It’s been a long, great year of Notre Dame sports. So much has happened since we all arrived on campus back in August. Here at The Observer, we covered it all. And though I’m definitely a bit biased, I feel confident in saying we covered it pretty well. There will be more to come as some of the spring sports continue their seasons. On both the lacrosse field and baseball and softball diamonds, there are hopes of deep postseason runs. But today, our final day of production for 2022-23, is a time for reflection. So, we’ll/I’ll toot our/my own horn for just a moment as I look back on my 10 favorite Observer sports articles of this crazy, exciting year of athletics at Notre Dame — and beyond.
10. A-O-K again: the song and story that ended the Phillies’ 11-year wait — Andrew McGuinness
“There have always been happy memories. But they felt a bit hollow without a happy conclusion to pair them with. Therefore, the ending was always going to be special.”
In case you didn’t read the headline, this is not a ranking of our 10 best articles of the year — just my 10 personal favorites. There are so, so, so, so, so many better articles that we put out this year that are better than this one — part of the reason I don’t feel terrible about this pick is that choosing between them is basically impossible. But I waited 4,014 days to see the Phillies return to the postseason, and somehow, their clinching game didn’t just live up to my wildest dreams — it exceeded them. From both a baseball and personal perspective, this song and everything that happened the night the drought ended was just “so sweet,” and that was all I ever needed from the team that defined my childhood.
9. Ivey needed to be near-perfect Sunday to capture ACC. She was. — J.J. Post
“Ultimately, Ivey has shown that she values trust in her young squad above all else. And Sunday, that trust resulted in a championship.”
This wonderful column by J.J. does a fantastic job of detailing just how difficult of a situation Niele Ivey was in during Notre Dame’s final regular season game, when the Irish lost star sophomore Olivia Miles with the conference regular season championship on the line. It also perfectly captures how well Ivey handled the moment, and the exciting implications that has for her and the Irish as a whole going forward as they look for better health and more success in 2023.
8. Something special about Super Bowl Sunday — Olivia Schatz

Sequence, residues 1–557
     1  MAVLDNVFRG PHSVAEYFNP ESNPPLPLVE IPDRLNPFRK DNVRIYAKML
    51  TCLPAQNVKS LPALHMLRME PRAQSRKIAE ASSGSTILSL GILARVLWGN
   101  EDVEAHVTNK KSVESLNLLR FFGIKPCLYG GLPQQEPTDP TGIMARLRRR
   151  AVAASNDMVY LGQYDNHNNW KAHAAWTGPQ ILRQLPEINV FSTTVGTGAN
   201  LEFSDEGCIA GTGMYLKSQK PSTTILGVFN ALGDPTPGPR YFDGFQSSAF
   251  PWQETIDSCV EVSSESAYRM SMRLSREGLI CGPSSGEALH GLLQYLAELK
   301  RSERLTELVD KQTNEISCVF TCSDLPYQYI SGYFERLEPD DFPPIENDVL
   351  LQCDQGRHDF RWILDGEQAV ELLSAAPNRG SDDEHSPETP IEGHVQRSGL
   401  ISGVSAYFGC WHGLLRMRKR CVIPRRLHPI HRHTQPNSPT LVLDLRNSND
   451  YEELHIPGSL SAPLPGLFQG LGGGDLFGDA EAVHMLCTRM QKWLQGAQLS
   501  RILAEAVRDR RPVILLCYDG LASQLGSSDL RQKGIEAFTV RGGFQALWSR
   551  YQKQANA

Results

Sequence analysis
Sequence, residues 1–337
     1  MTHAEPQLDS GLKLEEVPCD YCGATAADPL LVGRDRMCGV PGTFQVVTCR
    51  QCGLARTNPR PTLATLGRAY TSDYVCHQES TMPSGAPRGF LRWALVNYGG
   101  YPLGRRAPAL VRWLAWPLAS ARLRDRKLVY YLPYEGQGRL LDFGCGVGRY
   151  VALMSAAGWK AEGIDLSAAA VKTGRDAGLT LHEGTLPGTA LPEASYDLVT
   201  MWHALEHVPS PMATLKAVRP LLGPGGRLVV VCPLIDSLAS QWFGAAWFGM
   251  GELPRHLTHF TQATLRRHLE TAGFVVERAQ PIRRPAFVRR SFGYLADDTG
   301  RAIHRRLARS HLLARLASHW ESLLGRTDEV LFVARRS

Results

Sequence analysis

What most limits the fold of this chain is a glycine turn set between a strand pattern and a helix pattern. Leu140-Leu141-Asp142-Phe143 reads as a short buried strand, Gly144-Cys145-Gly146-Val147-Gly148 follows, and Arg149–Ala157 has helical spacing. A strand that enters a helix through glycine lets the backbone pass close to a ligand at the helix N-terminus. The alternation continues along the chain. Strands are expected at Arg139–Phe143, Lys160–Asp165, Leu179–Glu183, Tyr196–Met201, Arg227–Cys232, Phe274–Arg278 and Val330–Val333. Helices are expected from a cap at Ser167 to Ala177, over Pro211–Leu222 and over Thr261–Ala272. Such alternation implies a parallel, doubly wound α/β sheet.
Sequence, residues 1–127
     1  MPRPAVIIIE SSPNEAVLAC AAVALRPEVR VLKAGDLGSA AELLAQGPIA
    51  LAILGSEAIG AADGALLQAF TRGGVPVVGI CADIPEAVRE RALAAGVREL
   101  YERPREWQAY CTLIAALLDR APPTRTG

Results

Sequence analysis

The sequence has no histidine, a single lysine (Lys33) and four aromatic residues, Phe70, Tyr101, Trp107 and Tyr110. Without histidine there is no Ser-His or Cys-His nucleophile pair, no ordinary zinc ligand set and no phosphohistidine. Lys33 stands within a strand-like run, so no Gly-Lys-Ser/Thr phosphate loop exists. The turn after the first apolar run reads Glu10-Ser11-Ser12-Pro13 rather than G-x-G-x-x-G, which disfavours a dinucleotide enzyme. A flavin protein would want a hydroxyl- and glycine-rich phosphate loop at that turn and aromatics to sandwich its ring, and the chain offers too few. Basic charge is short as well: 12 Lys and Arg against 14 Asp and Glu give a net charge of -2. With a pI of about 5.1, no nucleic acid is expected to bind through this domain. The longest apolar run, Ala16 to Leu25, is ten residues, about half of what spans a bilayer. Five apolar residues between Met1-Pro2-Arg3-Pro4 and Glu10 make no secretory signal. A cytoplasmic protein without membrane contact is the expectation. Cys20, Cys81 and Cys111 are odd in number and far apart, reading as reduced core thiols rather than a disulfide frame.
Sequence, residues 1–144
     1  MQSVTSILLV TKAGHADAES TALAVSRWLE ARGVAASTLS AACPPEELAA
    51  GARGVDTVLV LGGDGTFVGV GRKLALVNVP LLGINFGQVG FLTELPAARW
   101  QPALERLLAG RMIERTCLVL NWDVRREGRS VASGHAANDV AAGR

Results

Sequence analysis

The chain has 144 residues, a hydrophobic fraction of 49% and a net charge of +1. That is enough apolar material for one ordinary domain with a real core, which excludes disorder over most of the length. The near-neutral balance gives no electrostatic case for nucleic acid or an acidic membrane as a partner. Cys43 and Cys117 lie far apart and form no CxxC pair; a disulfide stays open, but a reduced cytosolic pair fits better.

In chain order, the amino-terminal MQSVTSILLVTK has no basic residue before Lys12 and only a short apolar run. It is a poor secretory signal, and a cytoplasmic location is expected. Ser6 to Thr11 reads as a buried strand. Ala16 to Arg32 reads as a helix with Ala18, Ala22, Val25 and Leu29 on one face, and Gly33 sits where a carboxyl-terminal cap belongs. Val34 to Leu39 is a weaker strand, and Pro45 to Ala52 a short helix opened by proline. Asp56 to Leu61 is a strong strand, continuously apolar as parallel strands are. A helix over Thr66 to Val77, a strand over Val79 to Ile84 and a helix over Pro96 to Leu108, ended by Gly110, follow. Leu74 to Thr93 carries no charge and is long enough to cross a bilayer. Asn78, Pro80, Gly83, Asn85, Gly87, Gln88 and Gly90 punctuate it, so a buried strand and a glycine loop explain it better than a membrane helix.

“You might have lost hundreds of dollars in betting. But, you also had spent a night filled with laughter, and sometimes rage, that you will never get back.”
The best articles are the ones that you can relate to your own personal life. It’s all but impossible to read this article by Olivia and not think of your own special Super Bowl memories. For me, it’s standing on my couch back home, hugging my sister on her 20th birthday as our beloved Eagles celebrated their first Super Bowl five years ago. For Olivia, it’s connecting with good friends back home.
There’s a popular tweet that says, “The point of sports is to be sad in a group,” which I think is half right. To me, the point of sports is to have a group to feel whatever you want — happy, sad or anywhere in between — a truth this article tells beautifully. A Super Bowl 57 that involved all of the above for me, a bittersweet Eagles fan, was undoubtedly better because I spent it with friends.
7. Singing with the ultras — José Sánchez Córdova
“As I moved into the section, I found an usher who I thought might help me. ‘Where is seat 29?’ I asked in French. ‘No seats, go anywhere,’ he replied.”
Reading this article by José will place you in one of the most iconic and unique places to watch a sports game — the supporters’ section of a high-stakes Champions League match. The pacing of this article, much like a high-level football play, is so brilliant. It’s a perfect example of showing, not telling, something that is incredibly hard to master. That makes how well José pulls it off all the more impressive.
6. 7th Inning homers stun Volunteers, send Irish to first College World Series since 2002 — Andrew McGuinness
“And yet, at the moment of maximum doubt, the Irish had none.”